Object and Property

New York: Cambridge University Press (1996)
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Abstract

Professor Arda Denkel argues here that objects are nothing more than bundles of properties. From this point of view he tackles some central questions of ontology: how is an object distinct from others; how does it remain the same while it changes through time? A second contention is that properties are particular entities restricted to the objects they inhabit. The appearance that they exist generally, in a multitude of things, is due to the way we conceptualize them. Other problems dealt with include how objects bear similarities by belonging to the same kinds, and how change in them is caused. Denkel defends a thoroughgoing particularism and offers purely qualitative accounts of individuation, identity, essences and matter. Throughout, the main alternative positions are surveyed, and the relevant historical background is traced.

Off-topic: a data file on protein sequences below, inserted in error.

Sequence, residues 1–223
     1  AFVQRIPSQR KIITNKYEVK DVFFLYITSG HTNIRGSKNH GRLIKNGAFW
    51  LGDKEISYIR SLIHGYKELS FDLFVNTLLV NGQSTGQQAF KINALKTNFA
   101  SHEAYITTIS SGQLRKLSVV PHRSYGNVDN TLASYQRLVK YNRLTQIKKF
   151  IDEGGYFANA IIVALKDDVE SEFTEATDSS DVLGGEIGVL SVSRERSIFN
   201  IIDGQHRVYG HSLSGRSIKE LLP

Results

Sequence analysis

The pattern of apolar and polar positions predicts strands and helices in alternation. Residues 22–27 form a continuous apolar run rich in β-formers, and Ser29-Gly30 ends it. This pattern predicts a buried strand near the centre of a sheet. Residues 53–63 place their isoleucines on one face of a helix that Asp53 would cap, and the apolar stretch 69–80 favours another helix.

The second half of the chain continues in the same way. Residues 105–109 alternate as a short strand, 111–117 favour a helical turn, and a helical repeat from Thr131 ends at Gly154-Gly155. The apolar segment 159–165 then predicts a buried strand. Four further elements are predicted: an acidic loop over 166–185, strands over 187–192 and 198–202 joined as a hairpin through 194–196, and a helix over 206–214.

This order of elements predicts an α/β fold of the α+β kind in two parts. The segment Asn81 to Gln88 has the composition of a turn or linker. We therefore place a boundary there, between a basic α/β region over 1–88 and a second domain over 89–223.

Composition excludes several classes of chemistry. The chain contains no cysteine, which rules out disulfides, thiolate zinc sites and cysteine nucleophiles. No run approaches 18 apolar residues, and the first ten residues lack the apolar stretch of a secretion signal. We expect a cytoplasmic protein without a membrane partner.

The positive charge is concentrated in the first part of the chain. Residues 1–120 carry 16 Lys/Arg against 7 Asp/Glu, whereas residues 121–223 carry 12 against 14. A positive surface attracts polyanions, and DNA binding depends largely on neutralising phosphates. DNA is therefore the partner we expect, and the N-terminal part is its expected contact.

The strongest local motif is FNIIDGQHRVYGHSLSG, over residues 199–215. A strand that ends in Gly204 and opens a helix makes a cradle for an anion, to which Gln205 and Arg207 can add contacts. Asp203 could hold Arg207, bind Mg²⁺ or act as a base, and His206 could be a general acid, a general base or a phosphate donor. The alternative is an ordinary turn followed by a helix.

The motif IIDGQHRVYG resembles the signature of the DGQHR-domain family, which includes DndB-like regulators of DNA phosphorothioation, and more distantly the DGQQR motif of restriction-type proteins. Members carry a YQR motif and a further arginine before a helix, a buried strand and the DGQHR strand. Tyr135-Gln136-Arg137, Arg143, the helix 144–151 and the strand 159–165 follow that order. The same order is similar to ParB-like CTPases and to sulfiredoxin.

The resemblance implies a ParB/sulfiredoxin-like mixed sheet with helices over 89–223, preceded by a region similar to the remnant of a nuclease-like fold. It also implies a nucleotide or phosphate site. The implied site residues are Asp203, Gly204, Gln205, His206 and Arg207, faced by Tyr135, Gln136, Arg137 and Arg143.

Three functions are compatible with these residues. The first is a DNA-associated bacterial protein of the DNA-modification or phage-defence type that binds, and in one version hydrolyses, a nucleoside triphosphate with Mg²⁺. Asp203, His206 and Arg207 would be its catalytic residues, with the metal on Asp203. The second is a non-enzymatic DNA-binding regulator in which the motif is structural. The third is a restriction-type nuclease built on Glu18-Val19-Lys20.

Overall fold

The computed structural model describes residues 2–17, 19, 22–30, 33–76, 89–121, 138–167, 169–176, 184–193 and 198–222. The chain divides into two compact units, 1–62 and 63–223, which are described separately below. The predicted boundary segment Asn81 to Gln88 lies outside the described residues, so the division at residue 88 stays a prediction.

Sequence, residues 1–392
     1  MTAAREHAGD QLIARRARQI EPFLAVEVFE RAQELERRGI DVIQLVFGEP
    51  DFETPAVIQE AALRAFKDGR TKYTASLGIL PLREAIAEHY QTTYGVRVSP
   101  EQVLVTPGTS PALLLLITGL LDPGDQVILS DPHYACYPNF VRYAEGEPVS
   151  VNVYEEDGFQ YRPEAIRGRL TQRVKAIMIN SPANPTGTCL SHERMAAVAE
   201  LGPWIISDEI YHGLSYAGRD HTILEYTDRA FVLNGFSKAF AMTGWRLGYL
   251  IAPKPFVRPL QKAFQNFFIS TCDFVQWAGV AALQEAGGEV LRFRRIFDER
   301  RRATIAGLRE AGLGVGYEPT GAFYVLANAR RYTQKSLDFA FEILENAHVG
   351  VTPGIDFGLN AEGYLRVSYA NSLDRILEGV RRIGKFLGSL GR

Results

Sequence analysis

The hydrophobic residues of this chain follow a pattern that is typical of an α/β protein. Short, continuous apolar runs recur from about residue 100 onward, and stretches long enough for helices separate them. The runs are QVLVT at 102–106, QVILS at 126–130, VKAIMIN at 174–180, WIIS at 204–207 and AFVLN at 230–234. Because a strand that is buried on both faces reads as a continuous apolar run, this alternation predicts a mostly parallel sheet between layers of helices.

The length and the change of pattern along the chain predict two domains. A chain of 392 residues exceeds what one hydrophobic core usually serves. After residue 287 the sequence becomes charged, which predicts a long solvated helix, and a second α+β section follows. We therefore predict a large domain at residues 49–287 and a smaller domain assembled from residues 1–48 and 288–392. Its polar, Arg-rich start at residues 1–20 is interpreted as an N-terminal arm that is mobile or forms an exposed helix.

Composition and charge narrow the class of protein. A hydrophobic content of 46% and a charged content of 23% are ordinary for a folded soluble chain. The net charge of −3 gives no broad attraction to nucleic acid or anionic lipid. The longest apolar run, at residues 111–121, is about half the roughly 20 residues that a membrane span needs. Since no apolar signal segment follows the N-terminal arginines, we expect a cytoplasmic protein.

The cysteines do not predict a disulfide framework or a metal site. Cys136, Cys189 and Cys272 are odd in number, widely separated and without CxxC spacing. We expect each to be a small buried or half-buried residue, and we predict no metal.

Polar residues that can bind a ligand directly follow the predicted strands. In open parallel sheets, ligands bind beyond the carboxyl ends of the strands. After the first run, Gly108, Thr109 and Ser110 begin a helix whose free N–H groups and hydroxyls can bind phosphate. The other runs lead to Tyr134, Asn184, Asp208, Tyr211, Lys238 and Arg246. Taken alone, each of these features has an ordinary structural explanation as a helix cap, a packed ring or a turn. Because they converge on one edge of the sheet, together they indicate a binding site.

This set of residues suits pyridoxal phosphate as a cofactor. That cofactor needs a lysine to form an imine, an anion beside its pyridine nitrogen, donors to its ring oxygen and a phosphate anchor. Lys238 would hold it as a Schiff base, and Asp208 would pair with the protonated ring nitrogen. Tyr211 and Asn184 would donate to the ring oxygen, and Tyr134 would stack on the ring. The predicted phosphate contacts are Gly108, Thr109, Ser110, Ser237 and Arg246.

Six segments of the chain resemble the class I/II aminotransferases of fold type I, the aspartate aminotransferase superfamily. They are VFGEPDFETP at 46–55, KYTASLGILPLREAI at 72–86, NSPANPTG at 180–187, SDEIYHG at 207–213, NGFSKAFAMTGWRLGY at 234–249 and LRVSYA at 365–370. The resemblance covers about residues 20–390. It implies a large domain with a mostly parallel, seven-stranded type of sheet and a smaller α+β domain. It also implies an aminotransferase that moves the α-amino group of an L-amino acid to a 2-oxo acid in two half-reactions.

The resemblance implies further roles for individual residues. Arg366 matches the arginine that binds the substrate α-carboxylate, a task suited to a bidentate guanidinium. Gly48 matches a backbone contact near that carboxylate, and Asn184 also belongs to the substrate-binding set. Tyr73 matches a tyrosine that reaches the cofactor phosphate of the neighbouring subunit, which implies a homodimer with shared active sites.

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Citations of this work

Object.Bradley Rettler & Andrew M. Bailey - 2017 - Stanford Encyclopedia of Philosophy 1.
Ostrich tropes.Daniel Giberman - 2022 - Synthese 200 (1):1-25.

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